COVID-19 is creating a financial crisis for women — especially women of color. A recent Lean In survey showed that concerns about job loss, reduced hours and/or pay, or finding a new job were common across all groups, but highest among women of color. In particular, Black women are substantially more likely than white men to be concerned about getting laid off (35% vs. 23%), getting their hours cut back at work (27% vs. 17%), or trying to find a new job (31% vs. 13%). Childcare challenges are exacerbating the situation. In fact, research conducted by the Center for American Progress found that close to 2 million parents with children under age 6 had to turn down a job offer, quit their job, or make significant changes to their job due to childcare-related conflicts.
So what are working parents to do? And how can employers support them?
Investing in employer-supported childcare is good for business
A growing number of employers around the world are playing an important role in meeting the childcare needs of their employees, according to an IFC report, and they’ve revealed that investments in childcare and family-friendly policies have helped companies:
- Reduce employee turnover and absenteeism
- Increase employee productivity, well-being, satisfaction, and loyalty
- Improve employer’s ability to attract top talent, investors, and buyers
- Enhance corporate reputation as a family-friendly company and employer of choice, and
- Boost profits and productivity
But the benefits don’t end with the employee and the employer — they’re much more far-reaching. According to the Urban Child Institute, in addition to gaining immediate benefits by helping their employees, employers who invest in childcare solutions contribute to the entire business community in the long term — and also deliver benefits to individuals and society as a whole.
Summary of Benefits of Employer-Supported Childcare (source: IFC org report)
Employers are offering dependent care FSAs
Caring for a child or dependent is a large expense for working parents. Employers are offering dependent care Flexible Spending Account (DCFSA) to reduce the financial burden on employees. A dependent care FSA is a pre-tax benefit account used to pay for dependent care services.
Expenses that can be covered by the dependent care FSA include:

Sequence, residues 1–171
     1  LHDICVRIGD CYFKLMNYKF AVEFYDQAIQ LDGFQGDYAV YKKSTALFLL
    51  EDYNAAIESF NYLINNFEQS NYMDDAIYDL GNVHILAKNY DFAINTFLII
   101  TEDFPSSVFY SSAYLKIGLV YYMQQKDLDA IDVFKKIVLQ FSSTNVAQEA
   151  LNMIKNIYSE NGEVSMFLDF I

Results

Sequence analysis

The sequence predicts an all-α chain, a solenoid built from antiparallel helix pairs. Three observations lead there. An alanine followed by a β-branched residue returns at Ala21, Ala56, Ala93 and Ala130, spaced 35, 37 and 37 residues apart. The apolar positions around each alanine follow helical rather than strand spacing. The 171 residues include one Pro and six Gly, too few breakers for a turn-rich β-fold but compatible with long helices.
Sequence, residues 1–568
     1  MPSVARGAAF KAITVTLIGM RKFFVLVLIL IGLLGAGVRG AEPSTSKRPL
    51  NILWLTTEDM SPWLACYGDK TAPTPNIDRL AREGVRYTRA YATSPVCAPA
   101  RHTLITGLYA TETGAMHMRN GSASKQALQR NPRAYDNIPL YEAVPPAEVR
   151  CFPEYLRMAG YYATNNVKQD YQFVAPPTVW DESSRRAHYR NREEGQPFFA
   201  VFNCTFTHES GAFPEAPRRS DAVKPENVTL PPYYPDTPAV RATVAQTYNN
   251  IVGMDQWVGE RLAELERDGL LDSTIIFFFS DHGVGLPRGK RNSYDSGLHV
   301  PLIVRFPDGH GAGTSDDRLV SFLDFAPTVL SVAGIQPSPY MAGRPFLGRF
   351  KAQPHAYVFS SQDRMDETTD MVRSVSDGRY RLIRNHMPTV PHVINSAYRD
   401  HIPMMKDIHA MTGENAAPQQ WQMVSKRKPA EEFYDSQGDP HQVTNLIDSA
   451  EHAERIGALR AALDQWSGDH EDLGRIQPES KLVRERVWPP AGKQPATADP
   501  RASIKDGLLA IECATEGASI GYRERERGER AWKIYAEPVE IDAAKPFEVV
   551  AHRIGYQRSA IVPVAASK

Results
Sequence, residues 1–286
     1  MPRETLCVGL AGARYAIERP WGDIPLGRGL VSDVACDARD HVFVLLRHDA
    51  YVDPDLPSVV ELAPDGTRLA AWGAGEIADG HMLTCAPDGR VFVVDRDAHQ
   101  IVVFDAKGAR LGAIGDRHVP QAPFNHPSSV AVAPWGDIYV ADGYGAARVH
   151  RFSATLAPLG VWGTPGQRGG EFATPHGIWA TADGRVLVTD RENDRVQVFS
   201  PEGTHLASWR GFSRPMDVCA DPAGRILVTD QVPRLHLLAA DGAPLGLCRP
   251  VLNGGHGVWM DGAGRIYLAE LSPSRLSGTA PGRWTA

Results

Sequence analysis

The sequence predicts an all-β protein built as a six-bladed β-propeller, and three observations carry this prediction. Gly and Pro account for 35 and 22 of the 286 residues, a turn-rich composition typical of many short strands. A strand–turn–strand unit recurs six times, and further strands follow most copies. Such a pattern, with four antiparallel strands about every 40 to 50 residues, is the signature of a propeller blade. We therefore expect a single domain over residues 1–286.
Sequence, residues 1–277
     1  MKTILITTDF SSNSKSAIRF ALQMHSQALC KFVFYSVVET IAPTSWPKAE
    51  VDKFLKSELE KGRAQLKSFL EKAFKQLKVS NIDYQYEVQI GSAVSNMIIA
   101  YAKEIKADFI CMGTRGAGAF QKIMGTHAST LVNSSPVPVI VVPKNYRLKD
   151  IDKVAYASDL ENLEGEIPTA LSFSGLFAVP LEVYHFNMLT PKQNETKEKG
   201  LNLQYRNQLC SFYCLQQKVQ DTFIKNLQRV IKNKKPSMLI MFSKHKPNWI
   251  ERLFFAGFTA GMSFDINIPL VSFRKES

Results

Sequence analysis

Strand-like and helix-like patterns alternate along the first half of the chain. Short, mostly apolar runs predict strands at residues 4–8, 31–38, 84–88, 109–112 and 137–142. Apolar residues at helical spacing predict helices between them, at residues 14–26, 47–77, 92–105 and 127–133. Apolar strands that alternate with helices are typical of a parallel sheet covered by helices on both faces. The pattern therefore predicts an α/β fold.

- Care of dependent children under age 13 by a babysitter
- Daycare center expenses
- Expenses in before or after school programs
- Daycare expenses of a parent or grandparent needing care while you work
- Care of a child over 13 who is incapable of self care
- A spouse that is unable to work or care for themselves
Offering a DCFSA can allow employers and their employees to take advantage of tax benefits. The expenses are reimbursed pre-tax, reducing the amount of income tax employees have to pay. The cost savings realized by working families can help reduce financial burdens and anxiety, and in return, help improve employee engagement and retention. And employers save money, too. Employers avoid payroll tax on the amounts employees contribute to an FSA.
Childcare in time of crisis needs to evolve
While employers recognize the benefits of and need for employer-supported childcare, the question is, what’s the right solution during these uncertain times?
The childcare demands of today look a bit different than just a few months ago. COVID-19 is normalizing the culture of remote work and redefining what childcare should look like in the process. Big tech giants like Facebook and Google are extending remote work policies for the remainder of 2020 — even as states have begun to allow business to re-open. In response to the current situation, we've seen an increase in popularity for a more localized, neighborhood-based childcare in the form of nannies, at-home daycares, and sharecares with other families or family members. In fact, in a recent New York Times article, Dr. David Cennimo, M.D., a pediatrician and infectious disease expert at Rutgers University, recommends thinking in terms of acceptable and relative risk, while recognizing that “zero risk” is not going to be possible — and adds that hiring one person to come every day could reduce the chances that they are working for multiple families and multiplying exposure. “This is obviously a lot of privilege talking,” he was quoted as saying in the article. “But probably bringing one stable person into your house for care duties is less of a risk than putting 20 kids from different households together in a daycare.”